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How Brazil Is Getting Ready to Crush an Expected US Invasion of the Amazon

Brazilian Army in the jungle Nothing better than to start the year trying to play a guess game: which was the most ecologically regrettable episode in 2011? In our view, it was the fact that former minister Marina Silva left the Green Party (Partido Verde), something that will rekindle the dispute waged for decades or even centuries over the sovereignty in the Amazon.

The eternal vultures of the Northern Hemisphere once again use this opportunity to return to that old rigmarole that it will be easier to call the region a patrimony of humanity, which should be administered by an international power, that would rule over the Amazonian countries governments.

Now and then, the New York Times editorials work as a kind of bugle call capable of enlisting several assault troops.

Twenty years ago we had an increase in the institutionalized blitz by the rich countries governments from Al Gore in the United States, for whom Brazil didn’t own the forest, to François Mitterrand of France, Felipe Gonzalez of Spain, Mickhail Gorbachev of the Soviet Union, Margaret Thatcher and John Major, of Britain, among others.

During his first presidential campaign, George W. Bush went on to suggest that countries with large external debts should be able to pay them with forests, something equivalent to forgive the countries of North Africa and the Middle East, which have only deserts.

In those days, the campaign bordered on the limits between the ridiculous and hilarious, since in order to convince children and youngsters, preparing them to join the invading forces, even Batman, Superman, Wonder Woman and other cretins in costume took their adventures to the Amazon, where they became defenders of red skin Indians and super blond scientists, battling Brazilian policemen and farmers drawn as if they were Mexican bandits, with a thick mustache and prominent belly.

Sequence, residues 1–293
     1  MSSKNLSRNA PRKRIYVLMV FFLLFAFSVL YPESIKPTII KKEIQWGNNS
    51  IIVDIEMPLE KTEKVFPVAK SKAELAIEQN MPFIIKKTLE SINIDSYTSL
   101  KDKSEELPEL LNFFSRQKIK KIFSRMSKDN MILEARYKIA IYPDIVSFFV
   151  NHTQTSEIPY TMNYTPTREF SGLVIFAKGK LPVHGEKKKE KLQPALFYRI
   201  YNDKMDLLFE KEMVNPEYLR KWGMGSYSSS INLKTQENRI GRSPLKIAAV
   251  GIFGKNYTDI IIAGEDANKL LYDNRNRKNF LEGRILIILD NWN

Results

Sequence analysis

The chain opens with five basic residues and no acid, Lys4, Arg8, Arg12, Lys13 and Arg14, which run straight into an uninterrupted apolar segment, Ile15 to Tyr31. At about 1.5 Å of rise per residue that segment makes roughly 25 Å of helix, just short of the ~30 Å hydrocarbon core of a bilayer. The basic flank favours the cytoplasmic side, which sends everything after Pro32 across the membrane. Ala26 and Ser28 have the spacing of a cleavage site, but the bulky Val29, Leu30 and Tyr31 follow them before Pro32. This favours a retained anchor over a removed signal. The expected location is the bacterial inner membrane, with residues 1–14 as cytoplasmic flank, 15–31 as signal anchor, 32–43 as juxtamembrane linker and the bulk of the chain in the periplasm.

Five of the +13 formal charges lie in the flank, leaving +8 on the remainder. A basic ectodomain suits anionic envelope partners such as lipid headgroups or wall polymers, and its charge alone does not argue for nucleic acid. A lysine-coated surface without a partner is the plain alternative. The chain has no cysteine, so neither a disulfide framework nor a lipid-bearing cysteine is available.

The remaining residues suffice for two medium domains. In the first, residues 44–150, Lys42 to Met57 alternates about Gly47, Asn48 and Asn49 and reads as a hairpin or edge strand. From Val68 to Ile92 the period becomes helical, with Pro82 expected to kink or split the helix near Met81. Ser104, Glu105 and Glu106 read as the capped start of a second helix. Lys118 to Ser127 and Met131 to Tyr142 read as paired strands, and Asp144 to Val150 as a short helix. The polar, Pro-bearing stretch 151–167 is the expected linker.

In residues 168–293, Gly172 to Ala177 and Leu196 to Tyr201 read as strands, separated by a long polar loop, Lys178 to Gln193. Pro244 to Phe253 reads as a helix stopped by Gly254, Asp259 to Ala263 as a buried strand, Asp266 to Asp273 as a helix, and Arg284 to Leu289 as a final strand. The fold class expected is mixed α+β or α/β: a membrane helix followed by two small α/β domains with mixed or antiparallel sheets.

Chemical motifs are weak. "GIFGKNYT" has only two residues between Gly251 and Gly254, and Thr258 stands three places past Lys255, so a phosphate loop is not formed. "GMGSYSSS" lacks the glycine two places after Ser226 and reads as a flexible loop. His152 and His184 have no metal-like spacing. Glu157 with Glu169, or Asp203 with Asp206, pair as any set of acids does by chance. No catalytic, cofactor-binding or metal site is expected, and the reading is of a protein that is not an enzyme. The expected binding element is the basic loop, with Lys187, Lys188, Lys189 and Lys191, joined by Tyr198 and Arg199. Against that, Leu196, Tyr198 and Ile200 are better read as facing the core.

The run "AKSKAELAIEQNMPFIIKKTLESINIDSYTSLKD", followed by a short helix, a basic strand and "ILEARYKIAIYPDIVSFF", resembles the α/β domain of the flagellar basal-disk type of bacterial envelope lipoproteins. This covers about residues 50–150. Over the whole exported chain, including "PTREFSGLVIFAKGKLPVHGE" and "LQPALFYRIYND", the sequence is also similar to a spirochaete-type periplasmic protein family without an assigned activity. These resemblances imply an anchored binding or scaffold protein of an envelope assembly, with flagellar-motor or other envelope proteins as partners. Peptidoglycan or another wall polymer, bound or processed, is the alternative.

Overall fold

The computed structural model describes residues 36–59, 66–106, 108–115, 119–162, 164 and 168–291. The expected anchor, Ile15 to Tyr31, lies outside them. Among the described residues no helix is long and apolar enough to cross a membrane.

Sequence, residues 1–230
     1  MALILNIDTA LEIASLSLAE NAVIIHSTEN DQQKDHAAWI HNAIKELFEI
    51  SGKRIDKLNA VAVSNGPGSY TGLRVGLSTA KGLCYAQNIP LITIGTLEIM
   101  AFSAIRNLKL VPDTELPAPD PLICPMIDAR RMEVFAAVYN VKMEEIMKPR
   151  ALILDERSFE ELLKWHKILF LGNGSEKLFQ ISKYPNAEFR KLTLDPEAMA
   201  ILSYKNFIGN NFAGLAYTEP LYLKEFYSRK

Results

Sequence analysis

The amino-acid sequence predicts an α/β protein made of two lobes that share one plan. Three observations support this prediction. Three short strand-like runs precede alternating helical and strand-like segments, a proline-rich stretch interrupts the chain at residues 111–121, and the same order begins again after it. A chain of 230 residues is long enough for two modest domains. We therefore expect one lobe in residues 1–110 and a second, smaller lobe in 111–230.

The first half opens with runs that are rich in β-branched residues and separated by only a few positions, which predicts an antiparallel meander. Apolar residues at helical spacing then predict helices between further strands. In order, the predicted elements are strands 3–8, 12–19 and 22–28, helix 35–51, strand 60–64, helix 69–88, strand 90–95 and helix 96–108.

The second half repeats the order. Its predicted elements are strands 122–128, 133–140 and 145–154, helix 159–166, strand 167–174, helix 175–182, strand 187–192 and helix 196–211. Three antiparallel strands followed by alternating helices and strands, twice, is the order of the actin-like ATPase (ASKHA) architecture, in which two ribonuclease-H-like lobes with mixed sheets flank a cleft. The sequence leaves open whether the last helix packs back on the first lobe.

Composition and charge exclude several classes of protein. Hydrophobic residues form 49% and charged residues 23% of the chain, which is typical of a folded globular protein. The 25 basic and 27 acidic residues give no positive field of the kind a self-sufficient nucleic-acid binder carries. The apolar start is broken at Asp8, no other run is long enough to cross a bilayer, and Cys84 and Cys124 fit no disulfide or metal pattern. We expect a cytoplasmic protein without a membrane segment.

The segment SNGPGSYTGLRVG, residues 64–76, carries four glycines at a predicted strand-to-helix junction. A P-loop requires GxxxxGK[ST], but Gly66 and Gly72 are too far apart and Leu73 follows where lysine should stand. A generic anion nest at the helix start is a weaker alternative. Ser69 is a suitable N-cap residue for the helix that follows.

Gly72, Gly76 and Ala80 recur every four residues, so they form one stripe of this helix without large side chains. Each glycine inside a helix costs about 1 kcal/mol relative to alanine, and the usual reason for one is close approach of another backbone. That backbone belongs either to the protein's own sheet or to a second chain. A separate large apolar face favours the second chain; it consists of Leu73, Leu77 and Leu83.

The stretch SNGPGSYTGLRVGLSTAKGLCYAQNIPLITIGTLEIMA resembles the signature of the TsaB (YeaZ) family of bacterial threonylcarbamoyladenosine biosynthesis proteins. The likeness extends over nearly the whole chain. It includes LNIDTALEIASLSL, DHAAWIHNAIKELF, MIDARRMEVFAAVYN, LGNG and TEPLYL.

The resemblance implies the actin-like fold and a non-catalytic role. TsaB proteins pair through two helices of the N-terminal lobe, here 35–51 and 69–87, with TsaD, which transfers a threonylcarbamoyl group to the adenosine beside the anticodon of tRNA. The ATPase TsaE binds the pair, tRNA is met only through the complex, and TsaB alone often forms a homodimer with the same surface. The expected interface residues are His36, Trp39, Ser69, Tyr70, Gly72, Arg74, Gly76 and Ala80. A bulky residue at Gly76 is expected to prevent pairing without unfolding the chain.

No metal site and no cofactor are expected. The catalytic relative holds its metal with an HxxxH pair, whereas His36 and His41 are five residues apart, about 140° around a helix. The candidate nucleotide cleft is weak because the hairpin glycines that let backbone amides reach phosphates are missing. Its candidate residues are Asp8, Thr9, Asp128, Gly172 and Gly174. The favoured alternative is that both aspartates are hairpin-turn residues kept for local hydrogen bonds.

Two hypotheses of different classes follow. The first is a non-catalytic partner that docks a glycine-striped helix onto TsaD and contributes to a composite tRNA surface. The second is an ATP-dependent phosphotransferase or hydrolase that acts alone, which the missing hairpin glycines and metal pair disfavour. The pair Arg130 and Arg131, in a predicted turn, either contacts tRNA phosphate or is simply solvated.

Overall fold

Then in the nineties, the strategy changed. They stopped talking, though they didn’t stop preparing units of American army specialized in jungle warfare. They chose then to prepare new attacks sending first battalions formed by thousands of NGOs with scientists, missionaries and college students committed to transform Brazilian Indian tribes into independent nations, an initiative that’s in full swing today and soon will result in the recognition of fake Indian reservations as “liberated” countries.

We should prepare ourselves for a new phase, stimulated by the absence of Marina Silva, a fierce rival of the forest’s internationalization. Allied to the Brazilian fifth-column made up of naive people and scoundrels, they seem to be making a comeback while attempting to ward off the Brazilian government of the matter.

Was it mere coincidence that the United States has already reestablished the US Navy’s Fourth Fleet, designed to patrol the South Atlantic, bringing together even aircraft carriers and nuclear submarines?

On our side, although we do our best, little apparently has been done. Not long ago a committee of the National Army colonels, led by two generals, spent months in Vietnam, trying to get lessons on how a poor country can win the best-armed superpower on the planet, while waging a war inside the jungle.

Starting with general Andrada Serpa, and going through former Minister Zenildo Lucena, from generals Lessa, Santa Rosa and Claudio Figueiredo, to General Augusto Heleno and Colonel Gelio Fregapani now, the philosophy has been consistent.

Our warriors become guerrillas. They may not resist for fifteen minutes a conventional conflict, with all the electronic paraphernalia of the enemy concentrated in the cities, but they will be able to repeat the saying of the respectable General Giap: “They may get in, but they will get out, only defeated.”

In short, anything can happen in 2012 and we must be prepared for that. Certainly not following the puerile suggestion of a former environment minister, Carlos Minc, who wanted to turn soldiers into gamekeepers and forest guards.

The Amazon peoples rejected, in the seventies, collaborating with the guerrillas in Xambioá, but this time in unison, they will form the choir that can provide a basis for military action nationwide.

For those who think these comments are paranoid fantasies, it is good to remind: for much less the US turned Afghanistan and Iraq in a battlefield, from where, incidentally, they are leaving defeated, despite facing the desert and not the jungle, which is a thousand times more complicated…

Carlos Chagas is a veteran Brazilian journalist who writes for Tribuna da Imprensa.

Translated from the Portuguese by Arlindo Silva.

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